'Avoiding controversy is crucial for the GEF'

Mostafa K Tolba , has been an influential figure in the global environmental arena, and has monitored the state of the world's environment. For 17 years he served as the executive director of the United Nations Environment Programme. During the GEF Assembly in Delhi, he spoke to Premangshu Ray on the role that the GEF should play in the future

Published: Friday 15 May 1998

'Avoiding controversy is crucial for the GEF'

-- What should be the future vision of the GEF? What are the areas that it should focus on?
There are two things. The first is the issue of land degradation. I am not satisfied with the compromise formulation (in the assembly statement) defining the linkages between land degradation and gef focal areas, or to increase gef support for activities to combat land degradation, instead of making it a focal area itself.

You have stressed on the increasing points of conflict between nations on the issue of sharing water. How can we resolve this?
When a particular river basin is being shared by two or more countries, conflict is almost certain as is also greater, unplanned usage of the water. We should get together in the United Nations and help the governments sharing a river basin and/or some other freshwater source to develop a cooperative land for optimum usage of water.There are methods of resolving conflicts related to water-sharing.

But are these projects within the category that the GEF will pay for, with respect to incremental costs?
This issue will continue to be controversial. The concept of incremental cost came about from the Montreal Protocol, which was established in 1991. I will give an example. Suppose an Indian plant has a life span of 30 years, and it produces chlorofluorocarbons ( cfc s). If after 20 years of operation the owner is prepared to forgo the remaining 10 years of the plant's life in order to get more expensive but eco-friendly technology so that cfc s are eliminated, should he be made to bear the financial burden himself? After all, his decision is going to benefit the entire world's environment. This is an incremental cost that you should not be 'punished' with.

Incremental cost is sensible in cases of fighting (global issues such as) ozone depletion, developing renewable energy sources and in conserving biodiversity, but not in project such as those involving watersharing. For these, we need bilateral donors or, perhaps, outside multilateral donors, with the GEF contributioning its jest share by financing the feasibility study of the project.

Measuting incremental costs for biodiversity or afforestation project is difficult. The GEF should define incremental cost separately in each of there fields to avoid controversy.

Birgitta Dahl had stressed - during the assembly - that we should conceive of programmes to convince governments that it is indeed possible to 'do away' with incremental costs entirely.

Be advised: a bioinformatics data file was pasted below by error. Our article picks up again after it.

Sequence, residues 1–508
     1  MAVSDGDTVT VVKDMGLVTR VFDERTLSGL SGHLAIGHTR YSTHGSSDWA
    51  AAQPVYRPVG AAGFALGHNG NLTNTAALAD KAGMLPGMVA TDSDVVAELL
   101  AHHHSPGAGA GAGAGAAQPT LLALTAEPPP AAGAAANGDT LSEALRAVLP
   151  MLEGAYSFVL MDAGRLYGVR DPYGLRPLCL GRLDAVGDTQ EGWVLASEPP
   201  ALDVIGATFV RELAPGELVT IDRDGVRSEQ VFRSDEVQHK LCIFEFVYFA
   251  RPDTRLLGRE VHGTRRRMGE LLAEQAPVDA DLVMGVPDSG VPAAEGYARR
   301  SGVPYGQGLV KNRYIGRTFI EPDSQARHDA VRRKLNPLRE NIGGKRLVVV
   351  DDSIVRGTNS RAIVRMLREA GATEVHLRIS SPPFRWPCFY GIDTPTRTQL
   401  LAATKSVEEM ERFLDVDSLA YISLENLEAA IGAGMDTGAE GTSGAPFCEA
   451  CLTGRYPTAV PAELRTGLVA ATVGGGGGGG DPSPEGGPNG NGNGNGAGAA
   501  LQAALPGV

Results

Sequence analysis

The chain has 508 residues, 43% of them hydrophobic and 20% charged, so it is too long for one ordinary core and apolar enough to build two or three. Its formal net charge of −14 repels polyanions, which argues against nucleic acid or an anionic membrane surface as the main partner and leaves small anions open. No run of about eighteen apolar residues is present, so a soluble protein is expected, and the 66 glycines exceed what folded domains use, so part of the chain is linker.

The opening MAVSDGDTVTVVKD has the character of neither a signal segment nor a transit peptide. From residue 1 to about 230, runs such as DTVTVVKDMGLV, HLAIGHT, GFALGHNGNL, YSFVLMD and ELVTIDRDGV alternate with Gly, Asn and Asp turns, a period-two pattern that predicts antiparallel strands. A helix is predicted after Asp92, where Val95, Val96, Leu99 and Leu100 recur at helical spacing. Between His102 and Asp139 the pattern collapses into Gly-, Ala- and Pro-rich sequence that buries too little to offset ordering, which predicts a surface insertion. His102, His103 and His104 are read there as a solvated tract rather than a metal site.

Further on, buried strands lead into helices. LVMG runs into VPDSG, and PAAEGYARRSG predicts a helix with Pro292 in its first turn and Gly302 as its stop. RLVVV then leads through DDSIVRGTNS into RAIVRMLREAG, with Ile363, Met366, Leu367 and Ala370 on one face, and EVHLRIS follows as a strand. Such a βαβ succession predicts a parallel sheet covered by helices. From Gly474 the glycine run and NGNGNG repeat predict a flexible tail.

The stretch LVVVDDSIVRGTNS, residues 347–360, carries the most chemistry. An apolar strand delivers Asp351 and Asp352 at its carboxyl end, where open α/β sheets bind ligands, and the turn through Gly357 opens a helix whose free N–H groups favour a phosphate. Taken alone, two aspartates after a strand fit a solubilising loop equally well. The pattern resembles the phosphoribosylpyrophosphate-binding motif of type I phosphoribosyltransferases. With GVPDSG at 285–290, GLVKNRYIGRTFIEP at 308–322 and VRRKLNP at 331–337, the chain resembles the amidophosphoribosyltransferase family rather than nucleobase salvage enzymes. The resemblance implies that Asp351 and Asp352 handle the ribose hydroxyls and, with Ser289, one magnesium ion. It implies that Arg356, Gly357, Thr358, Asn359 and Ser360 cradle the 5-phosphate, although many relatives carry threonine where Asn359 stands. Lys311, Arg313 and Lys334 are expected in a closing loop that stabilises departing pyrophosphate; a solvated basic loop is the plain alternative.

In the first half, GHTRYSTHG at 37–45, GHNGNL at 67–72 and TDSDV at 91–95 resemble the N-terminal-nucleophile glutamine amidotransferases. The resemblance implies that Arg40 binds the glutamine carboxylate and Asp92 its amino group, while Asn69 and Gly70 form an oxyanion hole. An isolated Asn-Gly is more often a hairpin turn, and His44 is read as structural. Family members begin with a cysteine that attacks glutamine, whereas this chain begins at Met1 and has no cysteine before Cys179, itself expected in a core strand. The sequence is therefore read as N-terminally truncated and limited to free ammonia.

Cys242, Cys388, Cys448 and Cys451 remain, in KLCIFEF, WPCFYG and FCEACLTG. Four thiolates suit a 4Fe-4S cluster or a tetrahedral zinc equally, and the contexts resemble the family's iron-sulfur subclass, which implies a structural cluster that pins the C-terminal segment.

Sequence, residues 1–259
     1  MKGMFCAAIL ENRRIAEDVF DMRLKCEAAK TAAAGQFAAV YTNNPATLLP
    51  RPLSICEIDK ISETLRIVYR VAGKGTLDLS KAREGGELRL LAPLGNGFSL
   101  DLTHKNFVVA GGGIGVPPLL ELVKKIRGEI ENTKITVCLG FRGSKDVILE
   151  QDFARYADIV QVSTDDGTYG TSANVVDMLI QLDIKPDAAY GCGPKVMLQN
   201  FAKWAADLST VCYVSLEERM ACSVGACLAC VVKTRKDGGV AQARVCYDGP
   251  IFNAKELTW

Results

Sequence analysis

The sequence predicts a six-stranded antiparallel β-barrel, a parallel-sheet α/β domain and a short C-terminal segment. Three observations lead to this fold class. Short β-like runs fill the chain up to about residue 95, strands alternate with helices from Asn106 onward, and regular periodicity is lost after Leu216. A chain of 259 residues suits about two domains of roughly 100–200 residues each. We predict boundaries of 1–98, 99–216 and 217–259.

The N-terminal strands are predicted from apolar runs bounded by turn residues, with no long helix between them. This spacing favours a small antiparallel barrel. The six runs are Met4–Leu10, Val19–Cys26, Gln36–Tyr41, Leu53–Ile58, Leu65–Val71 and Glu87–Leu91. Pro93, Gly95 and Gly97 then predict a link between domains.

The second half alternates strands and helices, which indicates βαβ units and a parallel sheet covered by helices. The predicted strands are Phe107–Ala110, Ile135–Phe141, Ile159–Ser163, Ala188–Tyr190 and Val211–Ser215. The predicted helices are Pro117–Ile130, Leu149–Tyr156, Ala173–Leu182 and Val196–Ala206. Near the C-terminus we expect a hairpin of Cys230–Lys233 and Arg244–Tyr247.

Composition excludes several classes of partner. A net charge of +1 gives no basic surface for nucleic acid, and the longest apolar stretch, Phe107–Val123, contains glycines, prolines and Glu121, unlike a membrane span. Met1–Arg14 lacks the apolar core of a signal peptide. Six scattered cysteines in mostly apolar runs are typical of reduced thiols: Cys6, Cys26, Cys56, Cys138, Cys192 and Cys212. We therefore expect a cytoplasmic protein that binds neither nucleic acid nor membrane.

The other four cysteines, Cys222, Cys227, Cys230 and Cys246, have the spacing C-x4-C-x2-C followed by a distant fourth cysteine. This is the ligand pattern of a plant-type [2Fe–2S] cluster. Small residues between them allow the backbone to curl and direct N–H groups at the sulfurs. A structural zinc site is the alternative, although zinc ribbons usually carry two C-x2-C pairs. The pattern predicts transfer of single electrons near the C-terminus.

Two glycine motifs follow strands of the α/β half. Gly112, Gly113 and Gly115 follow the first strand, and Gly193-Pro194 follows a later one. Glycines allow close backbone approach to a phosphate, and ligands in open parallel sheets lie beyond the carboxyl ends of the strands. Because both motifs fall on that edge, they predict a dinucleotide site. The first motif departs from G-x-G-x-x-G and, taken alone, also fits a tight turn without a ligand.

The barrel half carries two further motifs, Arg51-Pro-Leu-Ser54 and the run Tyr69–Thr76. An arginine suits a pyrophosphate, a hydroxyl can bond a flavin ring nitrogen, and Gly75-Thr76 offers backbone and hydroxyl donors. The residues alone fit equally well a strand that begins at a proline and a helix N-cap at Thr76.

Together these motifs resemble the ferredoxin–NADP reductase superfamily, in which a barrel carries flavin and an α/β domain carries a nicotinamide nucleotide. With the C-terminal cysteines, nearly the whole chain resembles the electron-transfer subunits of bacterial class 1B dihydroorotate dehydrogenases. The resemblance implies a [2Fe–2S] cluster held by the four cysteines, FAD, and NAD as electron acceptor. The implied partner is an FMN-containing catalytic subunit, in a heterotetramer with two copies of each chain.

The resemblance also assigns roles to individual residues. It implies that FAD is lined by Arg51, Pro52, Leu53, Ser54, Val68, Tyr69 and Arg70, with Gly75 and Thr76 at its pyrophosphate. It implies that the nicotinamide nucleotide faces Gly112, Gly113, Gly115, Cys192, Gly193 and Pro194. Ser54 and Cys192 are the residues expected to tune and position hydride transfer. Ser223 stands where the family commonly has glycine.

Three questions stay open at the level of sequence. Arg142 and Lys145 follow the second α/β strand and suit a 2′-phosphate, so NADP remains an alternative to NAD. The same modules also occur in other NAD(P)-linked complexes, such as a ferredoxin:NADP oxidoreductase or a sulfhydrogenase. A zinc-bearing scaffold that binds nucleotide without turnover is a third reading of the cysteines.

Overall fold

She has used more straightforward language than the essentially diplomatic language of the gef . In some cases, it is easy to assess the incremental cost. But in other areas this is not easy or possible. So the gef should adopt a method to ensure that a certain percentage (of the project cost) is provided to the deve-loping countries in return for their services to the international community.

You had stressed that mainstreaming (applying the criteria of environment protection for non-GEF projects by GEF implementing agencies) is complicated and risky. Do you see any danger in it for the developing nations?
Mainstreaming can mean a hundred diffe-rent things to a hundred different people. To reach a real agreement, it is vital to define and understand mainstreaming. And, introduction of terms that are ambiguous or elastic, can mean danger for the gef .

It has been said that there are no real incentives for the developing nations to do anything. What should the GEF do to provide such incentives?
I disagree with this statement. Look at Egypt. If we have sea-level rise and climate change, we'll lose almost 75 per cent of our most fertile land. This is an incentive in itself. We should ensure that each one of us does his bit to prevent this from happening. The uk and the usa might be responsible for 75 per cent of the total world co 2 emissions. But, about 15-20 years hence, the developing nations will be producing more co 2 than them, as by that time they would have cut their emission levels. And even then we will not have the finances to tackle these environmental pro-blems. So the incentive is simple - survival.

What is the perspective of ngo s of the South?
These ngo s are perhaps closer to each other than the governments are. They are definitely not biased in their concerns, while the governments focus on their respective interests.

Are you satisfied with the assembly resolution?
It is well-balanced and carefully drafted. One cannot always expect something unified on an issue that concerns more than 100 nations. But if one is careful enough, one can read one's own interests between the lines.

I am pleased to see that, for the first time, the problem of land degradation has been mentioned. But another step is needed to make land degradation a focal area for the gef , and that is to get finances. Then land degradation can become the gef 's fifth focal area. What has happened so far is a slow move, but a move nonetheless.

What would you have included in the resolution which is not there now?
I would have put land degradation more forcefully. It's time the gef looked into it more seriously. I would have also liked to stress streamlining of operations. The implementing agencies should cut down on the time taken between approval of a project and its implementation. The longest time is usually taken by the World Bank. But the managing director of the bank has promised to expedite this process.

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